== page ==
The global Samsung Galaxy Note 7 recall is still ongoing but the South Korean consumer electronics manufacturer is already making plans to return its latest flagship on the market as soon as possible. In fact, Note 7 sales were already supposed to resume in the company's home country this Wednesday but were suspended after a specific government's request. Namely, the Korean officials wanted Samsung to delay the Note 7 exchange program and the company complied. Thankfully, the delay won't be major as the smartphone maker just announced that Galaxy Note 7 sales are resuming this Saturday, October 1st.
Samsung's representatives stated that the company felt this is the right time to recommence the sales as it expects over 80% of recalled devices in the country will be returned by that date. Unfortunately, the firm didn't reveal the percentage of recalled devices that are currently in its possession. On the other hand, Samsung has resumed Galaxy Note 7 TV ads in Korea after suspending them earlier this month when first reports of faulty batteries started surfacing. In addition to that, the company has promised to cover 50% of all repair costs related to the device's screen to all South Korean nationals who purchase Galaxy Note 7 during October. It's a nice gesture but ultimately won't amount to much as the device's 5.7-inch Super AMOLED display protected with Corning Gorilla Glass 5 is one of the least likely components to get damaged.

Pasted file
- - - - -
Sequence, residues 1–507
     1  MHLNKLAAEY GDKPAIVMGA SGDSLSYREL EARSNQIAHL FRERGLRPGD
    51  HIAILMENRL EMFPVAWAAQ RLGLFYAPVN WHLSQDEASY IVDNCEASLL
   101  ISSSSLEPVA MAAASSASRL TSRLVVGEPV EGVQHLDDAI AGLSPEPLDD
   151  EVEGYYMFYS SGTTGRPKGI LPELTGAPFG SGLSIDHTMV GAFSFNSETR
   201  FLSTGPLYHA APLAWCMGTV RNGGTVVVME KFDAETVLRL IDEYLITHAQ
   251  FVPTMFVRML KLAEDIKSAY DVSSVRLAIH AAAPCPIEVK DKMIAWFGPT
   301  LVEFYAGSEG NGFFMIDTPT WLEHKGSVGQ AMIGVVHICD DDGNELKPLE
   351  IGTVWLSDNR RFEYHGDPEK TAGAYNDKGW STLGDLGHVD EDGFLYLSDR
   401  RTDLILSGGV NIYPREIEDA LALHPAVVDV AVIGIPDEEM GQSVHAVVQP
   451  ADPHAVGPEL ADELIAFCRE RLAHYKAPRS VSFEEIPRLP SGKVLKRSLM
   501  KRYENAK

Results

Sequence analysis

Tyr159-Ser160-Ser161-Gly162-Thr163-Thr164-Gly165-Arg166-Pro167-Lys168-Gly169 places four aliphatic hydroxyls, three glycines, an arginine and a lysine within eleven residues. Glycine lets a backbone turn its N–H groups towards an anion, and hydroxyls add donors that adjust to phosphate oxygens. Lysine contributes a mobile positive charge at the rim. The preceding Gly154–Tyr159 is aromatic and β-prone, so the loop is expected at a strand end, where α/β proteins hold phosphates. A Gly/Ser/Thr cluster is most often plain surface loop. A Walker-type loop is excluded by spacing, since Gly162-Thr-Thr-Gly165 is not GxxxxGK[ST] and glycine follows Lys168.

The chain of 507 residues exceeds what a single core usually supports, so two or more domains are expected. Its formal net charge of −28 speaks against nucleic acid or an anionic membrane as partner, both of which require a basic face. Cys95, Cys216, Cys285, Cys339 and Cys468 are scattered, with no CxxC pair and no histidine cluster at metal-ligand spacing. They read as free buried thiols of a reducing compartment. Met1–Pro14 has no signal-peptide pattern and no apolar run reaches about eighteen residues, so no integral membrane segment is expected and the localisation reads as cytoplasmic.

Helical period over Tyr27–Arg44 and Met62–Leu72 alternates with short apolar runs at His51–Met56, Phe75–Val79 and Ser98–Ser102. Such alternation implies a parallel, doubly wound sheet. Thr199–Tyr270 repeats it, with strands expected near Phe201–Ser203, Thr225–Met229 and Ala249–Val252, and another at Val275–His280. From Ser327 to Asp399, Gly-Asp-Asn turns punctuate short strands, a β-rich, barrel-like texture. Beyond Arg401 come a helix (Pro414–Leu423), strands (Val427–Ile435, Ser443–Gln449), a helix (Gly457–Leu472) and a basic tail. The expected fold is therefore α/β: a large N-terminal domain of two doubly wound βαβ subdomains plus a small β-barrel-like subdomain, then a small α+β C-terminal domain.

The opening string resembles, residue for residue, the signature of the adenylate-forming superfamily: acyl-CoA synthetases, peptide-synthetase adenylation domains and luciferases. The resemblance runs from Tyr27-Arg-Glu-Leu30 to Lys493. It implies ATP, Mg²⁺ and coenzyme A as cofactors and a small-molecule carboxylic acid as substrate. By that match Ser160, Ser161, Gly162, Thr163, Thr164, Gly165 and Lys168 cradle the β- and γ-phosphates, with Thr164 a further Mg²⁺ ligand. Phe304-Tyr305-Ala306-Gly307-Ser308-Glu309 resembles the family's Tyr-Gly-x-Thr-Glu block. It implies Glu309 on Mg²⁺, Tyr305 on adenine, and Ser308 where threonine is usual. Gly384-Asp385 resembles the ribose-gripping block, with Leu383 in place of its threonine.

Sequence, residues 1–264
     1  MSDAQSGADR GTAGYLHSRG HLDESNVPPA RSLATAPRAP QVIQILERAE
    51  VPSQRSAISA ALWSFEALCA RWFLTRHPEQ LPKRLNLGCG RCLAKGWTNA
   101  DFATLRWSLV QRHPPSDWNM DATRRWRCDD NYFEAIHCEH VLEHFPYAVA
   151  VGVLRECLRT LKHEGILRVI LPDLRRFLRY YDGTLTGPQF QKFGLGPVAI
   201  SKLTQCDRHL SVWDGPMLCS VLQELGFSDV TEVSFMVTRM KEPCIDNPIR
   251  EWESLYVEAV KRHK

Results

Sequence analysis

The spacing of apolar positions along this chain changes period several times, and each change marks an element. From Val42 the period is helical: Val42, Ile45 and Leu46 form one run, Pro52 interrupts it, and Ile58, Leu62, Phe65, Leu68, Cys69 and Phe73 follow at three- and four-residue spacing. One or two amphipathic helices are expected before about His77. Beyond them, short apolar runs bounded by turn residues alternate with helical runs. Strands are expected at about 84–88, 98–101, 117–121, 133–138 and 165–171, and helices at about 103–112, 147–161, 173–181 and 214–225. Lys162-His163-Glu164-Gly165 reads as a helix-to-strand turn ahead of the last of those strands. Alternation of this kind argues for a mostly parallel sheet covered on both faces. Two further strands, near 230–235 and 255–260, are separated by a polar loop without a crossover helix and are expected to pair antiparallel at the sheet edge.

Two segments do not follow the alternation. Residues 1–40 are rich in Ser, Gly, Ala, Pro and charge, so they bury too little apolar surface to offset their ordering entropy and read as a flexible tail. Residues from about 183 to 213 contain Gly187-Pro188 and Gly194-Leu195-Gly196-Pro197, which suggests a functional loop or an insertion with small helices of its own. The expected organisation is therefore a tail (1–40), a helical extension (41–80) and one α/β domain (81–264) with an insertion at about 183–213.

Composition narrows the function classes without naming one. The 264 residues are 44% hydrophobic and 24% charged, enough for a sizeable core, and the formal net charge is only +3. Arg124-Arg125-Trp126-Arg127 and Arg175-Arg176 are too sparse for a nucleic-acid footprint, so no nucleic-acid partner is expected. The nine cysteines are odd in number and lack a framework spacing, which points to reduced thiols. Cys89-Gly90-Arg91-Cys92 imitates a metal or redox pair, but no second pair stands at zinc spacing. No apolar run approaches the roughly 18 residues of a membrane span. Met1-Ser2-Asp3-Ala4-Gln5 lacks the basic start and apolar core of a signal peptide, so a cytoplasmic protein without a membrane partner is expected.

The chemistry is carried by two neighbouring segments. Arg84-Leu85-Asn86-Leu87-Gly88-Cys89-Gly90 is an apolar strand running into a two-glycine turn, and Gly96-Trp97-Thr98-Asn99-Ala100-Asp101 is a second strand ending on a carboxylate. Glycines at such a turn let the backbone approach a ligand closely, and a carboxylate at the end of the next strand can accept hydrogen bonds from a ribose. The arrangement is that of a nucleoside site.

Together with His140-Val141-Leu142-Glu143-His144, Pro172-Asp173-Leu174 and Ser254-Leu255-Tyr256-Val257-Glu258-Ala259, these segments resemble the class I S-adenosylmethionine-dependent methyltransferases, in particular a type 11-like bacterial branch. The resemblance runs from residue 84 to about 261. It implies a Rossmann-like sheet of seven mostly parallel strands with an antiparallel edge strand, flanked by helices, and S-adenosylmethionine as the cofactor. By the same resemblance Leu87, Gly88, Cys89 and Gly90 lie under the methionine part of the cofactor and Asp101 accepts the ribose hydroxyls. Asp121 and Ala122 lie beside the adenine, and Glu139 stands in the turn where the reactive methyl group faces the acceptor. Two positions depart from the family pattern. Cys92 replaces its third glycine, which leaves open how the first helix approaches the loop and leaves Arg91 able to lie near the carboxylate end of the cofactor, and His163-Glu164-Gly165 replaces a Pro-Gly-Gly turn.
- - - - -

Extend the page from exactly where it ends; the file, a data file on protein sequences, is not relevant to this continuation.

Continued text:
For those unfamiliar, the Galaxy Note 7 ordeal started earlier this month when reports of devices catching fire and exploding while charging started surfacing. While Samsung has yet to officially confirm that, the most likely culprit is the battery manufactured by its subsidiary Samsung SDI which was initially responsible for 70% of all Galaxy Note 7 shipments. It's still unclear how a faulty battery managed to escape scrutiny and end up in mass production before anyone took notice but whatever ends up being the case, Samsung will probably want to forget September of 2016. Namely, initial estimates suggest that the South Korean tech giant will lose over a billion dollars due to the entire ordeal, not to mention the potential long-term damage its brand may have suffered.